Khartoum/Cairo, May 21 (EFE).- A fragile calm set in Sunday in the Sudanese capital Khartoum after the conflict parties penned a seven-day ceasefire intended to provide people in the strife-ravaged country with access to humanitarian aid.
Sudan’s warring military factions agreed over the weekend in the Saudi city of Jeddah to facilitate the flow of aid, protect civilians and restore security at public institutions.
Khartoum residents told Efe that no explosions or shelling were heard on Sunday, but said there were sporadic shootings in the southern and northern parts of the capital, as well as in the city of Omdurman.
No casualties or damage have been reported so far.
The ceasefire, brokered by the United States and Saudi Arabia, was reached after representatives of the Sudanese army traveled to Jeddah to begin a dialogue with those from the Rapid Support Forces (RSF) paramilitary group after over a month of fighting.
Egypt, where more than 107,000 Sudanese refugees have found shelter, welcomed on Sunday the ceasefire, hoping it would “lead to a permanent and comprehensive cessation of hostilities.”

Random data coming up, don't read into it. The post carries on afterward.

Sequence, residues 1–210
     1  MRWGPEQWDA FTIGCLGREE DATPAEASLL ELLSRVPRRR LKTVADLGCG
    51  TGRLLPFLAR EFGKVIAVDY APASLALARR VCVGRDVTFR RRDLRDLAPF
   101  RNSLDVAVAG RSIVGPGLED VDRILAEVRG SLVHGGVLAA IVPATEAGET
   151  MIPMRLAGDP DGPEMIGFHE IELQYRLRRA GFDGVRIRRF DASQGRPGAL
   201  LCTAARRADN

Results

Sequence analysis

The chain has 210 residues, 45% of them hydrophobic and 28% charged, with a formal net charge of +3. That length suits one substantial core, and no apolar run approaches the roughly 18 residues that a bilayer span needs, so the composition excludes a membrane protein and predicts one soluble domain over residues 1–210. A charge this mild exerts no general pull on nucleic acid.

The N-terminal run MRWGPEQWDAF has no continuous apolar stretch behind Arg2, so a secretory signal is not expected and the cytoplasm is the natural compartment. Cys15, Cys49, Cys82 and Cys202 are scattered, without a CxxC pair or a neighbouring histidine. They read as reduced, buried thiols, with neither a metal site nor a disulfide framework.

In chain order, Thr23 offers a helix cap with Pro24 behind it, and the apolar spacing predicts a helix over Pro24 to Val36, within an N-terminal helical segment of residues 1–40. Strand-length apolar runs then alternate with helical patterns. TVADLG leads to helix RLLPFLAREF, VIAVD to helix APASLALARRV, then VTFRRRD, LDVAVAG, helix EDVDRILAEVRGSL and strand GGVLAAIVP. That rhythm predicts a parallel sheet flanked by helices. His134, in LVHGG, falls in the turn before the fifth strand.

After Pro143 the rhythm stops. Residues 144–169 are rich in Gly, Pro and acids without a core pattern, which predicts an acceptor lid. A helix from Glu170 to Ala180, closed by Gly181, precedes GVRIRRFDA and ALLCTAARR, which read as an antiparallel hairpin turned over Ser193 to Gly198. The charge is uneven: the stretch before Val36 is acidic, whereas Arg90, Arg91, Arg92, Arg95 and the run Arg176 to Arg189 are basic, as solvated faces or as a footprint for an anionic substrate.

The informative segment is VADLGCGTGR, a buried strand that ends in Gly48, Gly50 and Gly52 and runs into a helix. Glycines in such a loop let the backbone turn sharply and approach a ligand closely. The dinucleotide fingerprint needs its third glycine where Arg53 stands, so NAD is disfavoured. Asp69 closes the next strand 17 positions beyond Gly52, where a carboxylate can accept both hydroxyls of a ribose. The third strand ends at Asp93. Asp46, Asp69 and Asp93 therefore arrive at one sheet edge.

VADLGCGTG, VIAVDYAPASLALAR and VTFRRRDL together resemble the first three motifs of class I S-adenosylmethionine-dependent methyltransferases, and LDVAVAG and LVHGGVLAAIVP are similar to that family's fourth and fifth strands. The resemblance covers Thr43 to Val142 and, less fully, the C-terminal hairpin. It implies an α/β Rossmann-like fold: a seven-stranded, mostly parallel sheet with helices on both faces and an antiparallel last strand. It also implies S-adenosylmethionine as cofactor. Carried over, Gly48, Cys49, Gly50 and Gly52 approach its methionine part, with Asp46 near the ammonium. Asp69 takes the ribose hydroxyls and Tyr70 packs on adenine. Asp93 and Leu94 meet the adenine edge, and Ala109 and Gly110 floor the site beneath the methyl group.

“We hope that this truce will be extended after it expires, and that a permanent and comprehensive ceasefire agreement will be reached,” the foreign ministry said.
The army and the RSF have traded accusations of violating numerous ceasefires and targeting civilian facilities, including hospitals and residential buildings in the capital, since the start of clashes on April 15.
The fighting in Sudan has taken its toll on the healthcare system, leaving it on the brink of collapse with over 600 civilians dead and over 5,000 others injured.
Some 200,000 people, the vast majority of them are women and children, have been forced to flee their homes amid the fighting, according to the United Nations.EFE